19 January 2010

Metz: an old man's stories

After yet another day of battling the winter blues, I refused to surrender to the temptation of a nap, and dragged myself out of the apartment.  The last thing I want is to spend my future regretting not making the most of every moment in France when I had the chance.  

So off I went, exploring some lesser travelled streets of Metz, crossing the Esplanade, and finally arriving in the area of the Arsenal (a concert venue and art gallery), Saint Pierre aux Nonnains (oldest church in France dating from the 4th century), and the Chappelle des Templiers (chapel of the knights Templar dating from the 12th century). This area has long intrigued me, and I love wandering here.  I approached the charming, octagonal Templar chapel, hoping to have another glimpse of the frescoes inside, but as usual, it was locked.  I've only ever been inside once, and every subsequent visit, it's been closed to visitors.  I gave one last hopeful tug, only to be interrupted by a gruff voice.  

"Elle est fermée." an old gentlemen approached, his black Scottish terrier racing ahead to greet me. He wore a long trench coat and the brown leather flat cap that elderly European men tend to wear. He walked up quite close to me, suspicious of what I was up to. 

"Yes, I know it's closed, I was just hoping to see the frescoes-" I replied.

Noting my accent, he asked me where I was from, and what I was doing in Metz.  I started to reply, but he seemed distracted, and cut me off.  "You know, I was married in this church," he said, gesturing towards the Templar chapel."  He went on to recount the story of how his fiancée had agreed to wed him on the following conditions: First, that the pair would marry in the Templar chapel and nowhere else.  Second, the Franciscan monks from the nearby Saint-Croix would sing Gregorian chants for the ceremony.  Her demands were simple. No chapel, no Franciscans, no marriage.

He went on to elaborate the great lengths he went to petition to wed in the chapel, and how when the aging monks refused to sing anywhere but their abby, he implored the bishop of Metz himself.  Eventually, the stars aligned, a fantasy became a reality, and a fiancée became a wife. He fumbled in his wallet to produce a crumpled photo of their son, a professional ballet dancer in full costume.  He asked me my age, as if he was considering me as a potential wife for his son.  When I told him, he furrowed his brow, but said "That's okay, my wife is quite a bit younger than me." He then explained that he feared the ballet dancing would render his son homosexual.  "Not that there's anything wrong with that, it's just that grandkids would be nice." he added.  I nodded politely, trying not to giggle.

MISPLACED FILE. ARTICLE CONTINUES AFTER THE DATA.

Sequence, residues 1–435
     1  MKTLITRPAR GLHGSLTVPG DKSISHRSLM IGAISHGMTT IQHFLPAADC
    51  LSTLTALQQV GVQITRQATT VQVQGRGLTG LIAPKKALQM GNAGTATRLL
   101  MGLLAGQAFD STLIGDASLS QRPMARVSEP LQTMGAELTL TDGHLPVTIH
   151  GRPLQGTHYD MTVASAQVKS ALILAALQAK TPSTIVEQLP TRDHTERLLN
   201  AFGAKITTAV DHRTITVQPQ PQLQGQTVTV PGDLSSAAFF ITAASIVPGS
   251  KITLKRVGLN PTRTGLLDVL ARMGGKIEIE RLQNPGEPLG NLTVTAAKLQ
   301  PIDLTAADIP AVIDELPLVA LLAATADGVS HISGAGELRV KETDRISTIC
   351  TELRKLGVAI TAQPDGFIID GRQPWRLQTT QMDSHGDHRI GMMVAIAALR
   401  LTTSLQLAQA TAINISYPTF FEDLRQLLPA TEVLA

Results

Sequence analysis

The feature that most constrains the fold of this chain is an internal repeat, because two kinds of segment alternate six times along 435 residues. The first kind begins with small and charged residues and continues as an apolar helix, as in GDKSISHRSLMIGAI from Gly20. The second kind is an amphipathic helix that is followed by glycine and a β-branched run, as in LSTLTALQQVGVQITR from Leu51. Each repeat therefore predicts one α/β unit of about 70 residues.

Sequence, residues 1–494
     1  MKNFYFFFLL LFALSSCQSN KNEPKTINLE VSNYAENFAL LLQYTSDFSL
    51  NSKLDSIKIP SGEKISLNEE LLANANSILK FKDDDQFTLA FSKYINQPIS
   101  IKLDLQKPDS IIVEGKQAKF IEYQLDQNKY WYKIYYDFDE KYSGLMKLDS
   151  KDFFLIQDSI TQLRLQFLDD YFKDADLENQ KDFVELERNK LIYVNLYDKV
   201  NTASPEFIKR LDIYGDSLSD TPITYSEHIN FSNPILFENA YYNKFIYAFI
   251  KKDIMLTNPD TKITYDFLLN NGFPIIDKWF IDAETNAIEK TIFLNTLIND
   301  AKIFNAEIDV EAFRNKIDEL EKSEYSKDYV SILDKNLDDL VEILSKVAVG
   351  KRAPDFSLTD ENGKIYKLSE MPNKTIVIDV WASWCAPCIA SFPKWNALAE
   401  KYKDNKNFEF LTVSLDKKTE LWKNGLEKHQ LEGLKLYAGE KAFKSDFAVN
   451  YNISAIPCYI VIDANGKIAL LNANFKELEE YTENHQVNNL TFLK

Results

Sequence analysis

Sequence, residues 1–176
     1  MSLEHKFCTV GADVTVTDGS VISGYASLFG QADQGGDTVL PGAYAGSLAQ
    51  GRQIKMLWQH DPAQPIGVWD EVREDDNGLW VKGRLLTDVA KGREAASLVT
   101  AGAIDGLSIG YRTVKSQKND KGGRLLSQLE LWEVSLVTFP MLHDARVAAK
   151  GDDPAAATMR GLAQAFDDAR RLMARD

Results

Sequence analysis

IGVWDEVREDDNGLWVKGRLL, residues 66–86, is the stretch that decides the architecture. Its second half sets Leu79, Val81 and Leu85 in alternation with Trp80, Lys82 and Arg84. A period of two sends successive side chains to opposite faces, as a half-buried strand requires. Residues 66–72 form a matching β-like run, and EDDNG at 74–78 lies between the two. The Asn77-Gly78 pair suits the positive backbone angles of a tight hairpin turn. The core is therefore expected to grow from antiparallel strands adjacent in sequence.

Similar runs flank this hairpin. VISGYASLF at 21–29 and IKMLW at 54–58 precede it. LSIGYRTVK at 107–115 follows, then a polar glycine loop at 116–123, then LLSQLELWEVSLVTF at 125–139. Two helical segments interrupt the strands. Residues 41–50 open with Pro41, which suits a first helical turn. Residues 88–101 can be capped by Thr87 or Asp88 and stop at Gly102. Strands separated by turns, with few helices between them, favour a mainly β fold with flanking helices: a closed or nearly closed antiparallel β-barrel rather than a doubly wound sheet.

Arnaud led me to a plaque with the history of the Templar chapel, and read it to me, very slowly, as though each word was of the greatest importance.  He then suggested I ask the Mairie for permission to access the chapel, but rolled his eyes as he lamented the right leaning local government of Metz.  "Their solution is to lock everything up, but that won't keep the hoodlums away," he said, pointing to some splintered glass where a plexiglass door used to seal the chapel.  He believed that locking monuments only encouraged trouble, and that the true solution was to open them to the rightful owners, every citizen of Metz.

He then swept his arm in a grand gesture, drawing my eyes to the buildings that surrounded us. He began to recount his experiences as a young soldier, who had lied about his age in order to serve.  Pointing to the Arsenal, he explained that it was a workshop during World War II, that that building just over there was army barracks, and that he dined with a general in that building just there, and that the Nazis marched through just beyond there when the third Reich took Metz after the Battle of France in 1940.  

He described the moment he learned of the German occupation of his hometown.  Another soldier had asked him where he was from, and when he replied "Metz," the soldier said "So, Germany then?" "No!" Arnaud shouted. "France!" His companion persisted, "Not anymore."

"But even though the citizens were forced to speak German here, they were always French.  We never stopped being French."

His voice broke as he quoted this 70 year old exchange.  His eyes flooding with tears but never leaving mine, he paused. "Çava, Monsieur?" I whispered gently, not quite knowing what to do with this unsolicited narration, which even after so much time was obviously emotionally draining to this elderly man.  I had not asked for him to speak to me of the war, but this was possibly therapeutic, and I considered myself lucky to receive this treasure of a story.  I only regretted not having a better grasp of French to do his story justice.  

It was my duty and privilege to listen.

He continued, plaintively, slowly.  I was amazed that I understood practically everything he was saying, and I was able to figure out other words based on context.  His uncle served in Normandy, and narrowly escaped with his life.  He joined his uncle there, and described his first time parachuting from a plane.  It was at Normandy that he would meet and dine with future president of the United States Ike Eisenhower.